• A pharmacist should ALWAYS review your medication list to ensure that drug interactions are prevented or managed appropriately. Make sure your pharmacist performs a drug interaction screen before you start any new medicine to make sure it will be compatible with ribociclib (Kisqali®) and letrozole (Femara®)
  • Clinical trials may exist for breast cancer. Ask your doctor if any studies are currently enrolling in your area. If not, go to clinicaltrials.gov to search for other centers offering study medications

Patient Assistance & Co-payment Coverage

Patients under the age of 65 years, or those with private insurance plans:
If you have insurance and are looking for patient assistance or copay assistance for Ribociclib (Kisqali®) + Letrozole (Femara®), we have provided links that may help.

Visit our Patient Assistance page and click the links to various patient assistance programs for help paying for Ribociclib (Kisqali®) + Letrozole (Femara®). Depending upon your income, they may be able to help cover the cost of:

  • Riboci­clib
  • Letrozole

For Branded medications (may be available for generic medications too), check with the manufacturer to determine if a co-pay card is offered and if it could reduce your monthly copay.

  • If you are uninsured, check with the manufacturer to determine if you are eligible to receive medication at no cost.

Medicare and Medicaid patients (Patients 65 years or older):
The clinic providing treatment will likely pre-authorize medications and immune therapies such as Ribociclib (Kisqali®) + Letrozole (Femara®) and are the best source to help you understand drug cost.

  • Ask to speak with a patient assistance technician or financial counselor at the clinic or hospital administering this therapy.

Emotional Wellness

What is Emotional Wellness?
Emotional wellness is having a positive outlook balanced with a realistic understanding of current life events. This requires both an awareness and acceptance of your emotions. It is with this knowledge that you can develop a plan to take the necessary actions to positively impact your life.

Emotional wellness uses an ongoing process to continually reflect on the stressors of life in a constructive manner to move forward and create happiness.

Because emotional wellness is deeply connected with physical, social, and spiritual wellness, pursuing it often becomes particularly difficult in times of major illness. Despite this difficulty, working toward emotional wellness has been connected to improved treatment outcomes and a higher likelihood of achieving goals of therapy.

Learn more about pursuing emotional wellness while receiving treatment with Ribociclib (Kisqali®) + Letrozole (Femara®)

Individual Drug Label Information

Riboci­clib (Kisqali®)

  • Is an oral 200 mg tablet
  • Ribociclib may be taken with or without food. Swallow tablet whole and do not chew, crush, or break
  • If you miss a dose, do not take the dose later that day. Take the next dose the next day as scheduled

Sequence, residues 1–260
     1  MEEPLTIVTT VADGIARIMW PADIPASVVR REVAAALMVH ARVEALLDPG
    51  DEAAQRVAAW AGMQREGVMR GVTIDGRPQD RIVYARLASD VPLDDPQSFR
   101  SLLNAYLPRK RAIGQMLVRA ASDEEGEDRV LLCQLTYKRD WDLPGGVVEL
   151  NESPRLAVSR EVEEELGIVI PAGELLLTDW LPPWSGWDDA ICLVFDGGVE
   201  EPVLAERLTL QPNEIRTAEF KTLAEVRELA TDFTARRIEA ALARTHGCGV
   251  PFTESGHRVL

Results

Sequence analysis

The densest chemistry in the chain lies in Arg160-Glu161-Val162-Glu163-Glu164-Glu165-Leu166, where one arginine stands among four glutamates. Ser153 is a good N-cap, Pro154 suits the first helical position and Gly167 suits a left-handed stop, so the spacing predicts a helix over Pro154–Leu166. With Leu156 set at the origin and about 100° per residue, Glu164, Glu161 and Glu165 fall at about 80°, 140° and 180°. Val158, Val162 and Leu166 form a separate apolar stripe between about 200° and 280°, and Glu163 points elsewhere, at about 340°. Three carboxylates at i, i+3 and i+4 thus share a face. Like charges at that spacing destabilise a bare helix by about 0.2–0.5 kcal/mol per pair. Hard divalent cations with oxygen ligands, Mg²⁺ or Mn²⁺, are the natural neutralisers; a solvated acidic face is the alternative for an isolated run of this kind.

• Store at room temperature (68°F to 77°F) in its original packaging. Do not remove tablets from blister packs until you are ready to take it
  • Dosage adjustments may be required if certain side effects are experienced
  • May interact with certain antifungal, antibiotic, and seizure medications. Ask your doctor or pharmacist to review your medications for any possible interactions 
  • May interact with pomegranate or pomegranate juice, grapefruit or grapefruit juice, star fruit, or Seville oranges (found in marmalade) causing increased blood levels of ribociclib. This could increase your risk of experiencing side effects. Avoid eating pomegranate, grapefruit, marmalade, and star fruit or drinking anything containing grapefruit and pomegranate juice during treatment. Lemon, lime, and other oranges and their juices are acceptable.
  • Avoid therapy with St. Johns Wort as it will decrease blood levels of ribociclib. This could decrease the effectiveness of treatment.
  • May interact with medications known to interfere with heart rhythm. Ask your pharmacist to double-check if you are taking any of these types of interacting medicines
  • May cause fetal harm if taken while pregnant. Women of childbearing age should use effective contraception while taking ribociclib and for at least 3 weeks after the last dose. Do not breastfeed during treatment or for at least 3 weeks after the last dose
General side effects from ribociclib (Kisqali®):
  • Low white blood cells [neutropenia] and low red blood cells [anemia]
  • Liver injury
  • Nausea and vomiting
  • Infections
  • Diarrhea or constipation
  • Hair loss
  • Joint pain or back pain
  • Headache
  • Cough
  • Fatigue
  • Decreased appetite
  • Skin rash
  • Click on the Ribociclib (Kisqali®) package insert below for reported side effects, possible drug interactions, and other ribociclib prescribing information

Side Effect Videos
Nausea and VomitingNausea and VomitingDiarrheaDiarrheaHair LossHair LossFatigue Fatigue ConstipationConstipationPainPainAnemiaAnemia

See DailyMed package insert.

Letrozole (Femara®)

  • Letrozole is an oral tablet 
  • Letrozole can be taken with or without food. Swallow tablets whole and do not crush tablets. If you miss a dose, take the dose as soon as you remember if it is still the same day. If it is the next day, take your regular dose as scheduled. Do not double your dose to make up for the missed dose 
  • Letrozole should be stored at room temperature in a cool, dry place 
  • Dosage adjustments may be required due to side effects or liver dysfunction 
  • May cause fetal harm; avoid pregnancy 
General Letrozole (Femara) Side Effects 
  • One of the most common side effects reported is hot flashes. Talk to your doctor about ways to minimize and treat hot flashes. Do not take any medicines, herbs, or natural supplements without speaking with your doctor or pharmacist first 
  • Joint pain 
  • Decreased bone strength 
  • Increase in blood cholesterol 
  • May cause dizziness and/or drowsiness 
  • High blood pressure 
  • Increase risk of blood clots 
  • Mood swings 
  • Fluid retention 
  • Skin rash 
  • Decreased sexual drive